Results: PCMark 8 Storage Consistency Test
PCMark 8's Storage Consistency test is fast becoming my favorite canned benchmark. Usually, that's code for lazy benchmarking. But the folks at Futuremark really came up with something stellar using PCMark 8's real-world workloads. What we end up with are trace-based tests played back to back, with specific conditioning that happens prior to each round. I've gone into a lot of depth on this in past reviews, so if you'd like to know more, I invite you to go back and read the background page.
PCMark 8 Storage Consistency Test: Bandwidth
PCMark 8's Adobe Photoshop (Heavy) trace is far and away the most intensive of the trace bundle. That's why we use it to show latency and bandwidth data for each of the 18 constituent rounds.
I'll let you guess which line on the graph represents Samsung's XP941.
Have you figured it out yet? Here's a hint: it's the fastest one. And not by a small amount, either. The XP941 serves up a benchmark-setting 700 MB/s in the recovery rounds. It dips as low as 500 MB/s in the debilitating degrade phase, which is simply unheard of. Even attached to the Z97 PCH's two-lane M.2 slot, it's still intensely quick. There's just a less capable interface supporting it.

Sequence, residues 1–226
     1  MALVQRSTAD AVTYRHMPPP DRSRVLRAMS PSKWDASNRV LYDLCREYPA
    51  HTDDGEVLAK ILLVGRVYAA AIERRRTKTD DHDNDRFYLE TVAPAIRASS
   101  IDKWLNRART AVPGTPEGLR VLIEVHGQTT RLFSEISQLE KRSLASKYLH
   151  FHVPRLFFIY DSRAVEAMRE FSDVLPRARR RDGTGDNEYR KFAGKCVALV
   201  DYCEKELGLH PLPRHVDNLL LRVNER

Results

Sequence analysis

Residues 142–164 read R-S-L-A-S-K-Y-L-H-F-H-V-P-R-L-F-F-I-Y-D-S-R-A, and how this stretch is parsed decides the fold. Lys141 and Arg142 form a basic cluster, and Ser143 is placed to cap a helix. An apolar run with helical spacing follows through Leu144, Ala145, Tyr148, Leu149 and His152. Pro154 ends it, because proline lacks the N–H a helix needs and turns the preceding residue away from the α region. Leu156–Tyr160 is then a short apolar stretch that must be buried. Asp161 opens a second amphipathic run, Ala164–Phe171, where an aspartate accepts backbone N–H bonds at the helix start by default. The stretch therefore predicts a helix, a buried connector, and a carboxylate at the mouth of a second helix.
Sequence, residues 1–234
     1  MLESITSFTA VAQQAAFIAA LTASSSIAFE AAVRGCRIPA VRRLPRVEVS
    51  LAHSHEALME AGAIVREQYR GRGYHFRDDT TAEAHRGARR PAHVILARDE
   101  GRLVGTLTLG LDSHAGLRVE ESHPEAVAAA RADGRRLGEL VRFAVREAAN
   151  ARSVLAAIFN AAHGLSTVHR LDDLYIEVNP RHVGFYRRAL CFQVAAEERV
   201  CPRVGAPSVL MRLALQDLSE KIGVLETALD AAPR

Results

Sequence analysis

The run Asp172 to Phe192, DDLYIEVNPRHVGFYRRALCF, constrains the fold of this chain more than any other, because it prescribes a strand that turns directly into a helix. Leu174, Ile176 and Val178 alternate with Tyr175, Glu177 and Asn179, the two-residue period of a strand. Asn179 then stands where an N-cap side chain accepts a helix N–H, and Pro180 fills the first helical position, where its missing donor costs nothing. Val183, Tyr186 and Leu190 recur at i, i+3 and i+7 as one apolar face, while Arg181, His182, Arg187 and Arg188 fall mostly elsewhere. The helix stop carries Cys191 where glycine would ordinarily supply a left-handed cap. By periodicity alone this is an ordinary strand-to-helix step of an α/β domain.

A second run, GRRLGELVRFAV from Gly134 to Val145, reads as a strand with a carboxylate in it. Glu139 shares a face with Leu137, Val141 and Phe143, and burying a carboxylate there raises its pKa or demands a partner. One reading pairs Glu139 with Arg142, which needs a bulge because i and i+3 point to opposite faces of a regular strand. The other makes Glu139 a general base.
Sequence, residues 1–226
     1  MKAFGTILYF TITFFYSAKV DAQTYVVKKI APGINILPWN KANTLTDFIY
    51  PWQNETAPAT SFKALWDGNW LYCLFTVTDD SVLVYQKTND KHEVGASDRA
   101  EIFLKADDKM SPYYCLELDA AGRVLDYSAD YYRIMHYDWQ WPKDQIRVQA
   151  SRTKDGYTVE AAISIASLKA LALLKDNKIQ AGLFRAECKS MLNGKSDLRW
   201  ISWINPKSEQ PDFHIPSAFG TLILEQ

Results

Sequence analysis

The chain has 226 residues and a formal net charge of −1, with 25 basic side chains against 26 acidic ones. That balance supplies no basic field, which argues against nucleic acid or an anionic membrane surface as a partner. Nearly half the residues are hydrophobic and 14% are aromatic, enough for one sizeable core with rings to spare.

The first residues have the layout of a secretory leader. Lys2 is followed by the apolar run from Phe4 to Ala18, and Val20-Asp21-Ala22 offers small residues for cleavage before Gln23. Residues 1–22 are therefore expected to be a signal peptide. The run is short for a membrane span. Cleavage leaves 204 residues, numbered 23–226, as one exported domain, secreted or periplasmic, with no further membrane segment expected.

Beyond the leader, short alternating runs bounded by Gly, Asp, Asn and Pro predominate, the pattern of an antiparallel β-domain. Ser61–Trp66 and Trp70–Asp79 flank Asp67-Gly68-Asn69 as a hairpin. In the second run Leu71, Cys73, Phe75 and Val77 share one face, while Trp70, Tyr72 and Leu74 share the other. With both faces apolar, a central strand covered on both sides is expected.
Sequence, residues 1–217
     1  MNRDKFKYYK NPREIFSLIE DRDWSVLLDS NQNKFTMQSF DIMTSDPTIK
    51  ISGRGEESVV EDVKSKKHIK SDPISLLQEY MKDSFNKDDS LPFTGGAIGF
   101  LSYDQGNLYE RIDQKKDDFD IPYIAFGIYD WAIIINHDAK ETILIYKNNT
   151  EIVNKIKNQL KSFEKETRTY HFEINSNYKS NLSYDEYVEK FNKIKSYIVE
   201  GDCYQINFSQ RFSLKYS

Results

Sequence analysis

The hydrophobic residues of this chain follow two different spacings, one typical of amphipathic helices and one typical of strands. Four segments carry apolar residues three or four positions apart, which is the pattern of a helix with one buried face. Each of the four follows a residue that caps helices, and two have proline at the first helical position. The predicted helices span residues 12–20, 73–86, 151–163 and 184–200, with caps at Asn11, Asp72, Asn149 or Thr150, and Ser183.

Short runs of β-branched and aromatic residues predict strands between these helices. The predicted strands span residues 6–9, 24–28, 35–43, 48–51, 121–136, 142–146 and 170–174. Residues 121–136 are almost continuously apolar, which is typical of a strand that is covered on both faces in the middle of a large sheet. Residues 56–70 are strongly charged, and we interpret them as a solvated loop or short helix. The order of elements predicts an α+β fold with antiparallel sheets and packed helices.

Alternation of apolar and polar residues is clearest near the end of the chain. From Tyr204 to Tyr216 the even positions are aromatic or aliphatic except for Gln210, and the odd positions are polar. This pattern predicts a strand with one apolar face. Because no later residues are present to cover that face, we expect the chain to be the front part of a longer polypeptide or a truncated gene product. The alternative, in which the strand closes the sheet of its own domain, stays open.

Samsung's XP941 is as much as 20x faster than some of the quickest 6 Gb/s SSDs in this particular trace from this particular benchmark (that is to say our results don't necessarily map over to other workloads). It's hard to overlook the crushing defeat Plextor's M6e (in purple) and Samsung's own 840 EVO (in orange) sustain at the hands of this M.2 drive.
Despite my skepticism of AHCI-based PCIe storage, Samsung at least shows its XP941 to be an exception to the rule.
And here are the overall scores, showing the best and worst scores across PCMark 8's 18 rounds. No surprise, Samsung's XP941 owns the top tier. ASRock's Ultra M.2 slot hosting Samsung M.2 drive pushes as high as 5016 PCMarks. Attached to the PCH's M.2 interface, it registers a score of 4999.